When Is Public Decision Disclosure of HIV Seropositivity Acceptable?
Muula, Adamson S.
Mfutso-Bengo, Joseph M.
Nursing Ethics 2005 May; 12(3): 288-295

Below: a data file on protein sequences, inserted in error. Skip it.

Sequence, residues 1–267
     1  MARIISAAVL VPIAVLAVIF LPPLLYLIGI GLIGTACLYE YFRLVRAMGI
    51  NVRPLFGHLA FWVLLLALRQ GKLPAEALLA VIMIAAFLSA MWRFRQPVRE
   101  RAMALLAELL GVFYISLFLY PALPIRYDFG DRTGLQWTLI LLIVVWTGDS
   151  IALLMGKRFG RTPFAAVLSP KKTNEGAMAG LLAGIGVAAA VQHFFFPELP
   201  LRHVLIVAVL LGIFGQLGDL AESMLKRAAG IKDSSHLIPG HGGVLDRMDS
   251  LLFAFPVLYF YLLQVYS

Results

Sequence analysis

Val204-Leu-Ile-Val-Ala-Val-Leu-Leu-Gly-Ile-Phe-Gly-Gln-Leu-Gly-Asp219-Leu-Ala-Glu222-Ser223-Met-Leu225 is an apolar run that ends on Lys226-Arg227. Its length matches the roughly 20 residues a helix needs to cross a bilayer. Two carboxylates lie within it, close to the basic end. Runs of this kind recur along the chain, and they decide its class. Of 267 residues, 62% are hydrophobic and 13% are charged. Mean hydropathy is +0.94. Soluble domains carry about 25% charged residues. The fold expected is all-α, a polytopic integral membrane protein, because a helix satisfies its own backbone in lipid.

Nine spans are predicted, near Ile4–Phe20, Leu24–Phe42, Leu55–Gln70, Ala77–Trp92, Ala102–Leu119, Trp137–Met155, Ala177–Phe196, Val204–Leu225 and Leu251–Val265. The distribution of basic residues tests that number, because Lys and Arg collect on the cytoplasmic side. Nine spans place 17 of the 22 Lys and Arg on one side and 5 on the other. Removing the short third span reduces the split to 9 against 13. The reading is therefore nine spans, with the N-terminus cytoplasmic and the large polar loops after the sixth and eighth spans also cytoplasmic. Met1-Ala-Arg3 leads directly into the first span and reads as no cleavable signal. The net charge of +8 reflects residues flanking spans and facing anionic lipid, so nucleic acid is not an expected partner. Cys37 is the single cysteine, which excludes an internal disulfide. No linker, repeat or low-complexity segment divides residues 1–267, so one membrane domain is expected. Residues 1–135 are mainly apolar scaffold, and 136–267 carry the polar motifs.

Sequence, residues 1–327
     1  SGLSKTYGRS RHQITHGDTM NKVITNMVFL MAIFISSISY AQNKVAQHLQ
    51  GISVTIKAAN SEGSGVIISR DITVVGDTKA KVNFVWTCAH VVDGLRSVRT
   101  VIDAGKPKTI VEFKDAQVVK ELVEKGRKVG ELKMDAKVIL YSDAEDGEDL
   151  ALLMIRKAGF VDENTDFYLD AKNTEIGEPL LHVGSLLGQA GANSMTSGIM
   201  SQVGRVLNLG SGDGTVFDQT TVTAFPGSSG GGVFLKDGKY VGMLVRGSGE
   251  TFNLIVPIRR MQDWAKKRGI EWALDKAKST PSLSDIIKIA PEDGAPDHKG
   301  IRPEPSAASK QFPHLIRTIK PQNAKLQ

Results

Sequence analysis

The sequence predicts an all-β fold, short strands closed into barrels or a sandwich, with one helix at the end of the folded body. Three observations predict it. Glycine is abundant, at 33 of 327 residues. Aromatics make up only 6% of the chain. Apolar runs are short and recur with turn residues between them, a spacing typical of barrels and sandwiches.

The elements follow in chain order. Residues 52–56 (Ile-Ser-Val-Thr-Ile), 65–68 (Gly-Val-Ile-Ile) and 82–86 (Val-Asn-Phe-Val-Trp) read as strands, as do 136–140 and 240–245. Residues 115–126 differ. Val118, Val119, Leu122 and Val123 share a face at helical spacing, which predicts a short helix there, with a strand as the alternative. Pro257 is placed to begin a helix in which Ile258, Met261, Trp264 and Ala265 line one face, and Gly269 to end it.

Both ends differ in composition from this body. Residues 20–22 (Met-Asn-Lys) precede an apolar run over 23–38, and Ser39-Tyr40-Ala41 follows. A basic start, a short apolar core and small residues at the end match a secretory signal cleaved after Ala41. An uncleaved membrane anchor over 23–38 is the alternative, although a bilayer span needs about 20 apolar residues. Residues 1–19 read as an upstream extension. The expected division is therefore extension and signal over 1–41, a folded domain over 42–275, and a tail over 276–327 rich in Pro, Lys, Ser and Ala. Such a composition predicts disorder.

HIV/AIDS is a major public health problem in Africa. Stigmatization, discrimination and lack of appropriate health care are among the commonest challenges that HIV infected persons and their families face. It has been suggested that among the tools available in the fight against stigmatization and discrimination is public disclosure of a person's HIV seropositive status. While public disclosure of HIV status has a place in the fight against HIV and AIDS, especially by resulting in behavioural change among people who know of an HIV infected person, we argue that such disclosure also has potential attendant harms. The posthumous disclosure of HIV status is particularly problematic. Public disclosure should be accompanied by appropriate individual counselling and preparation of the community to deal with the situation, and should have regard for cultural sensitivity after consideration of the risks and benefits to individuals, families and the community. Health practitioners should keep in mind that their main duty is to the best interest of the patient, the family and the community, in that order.
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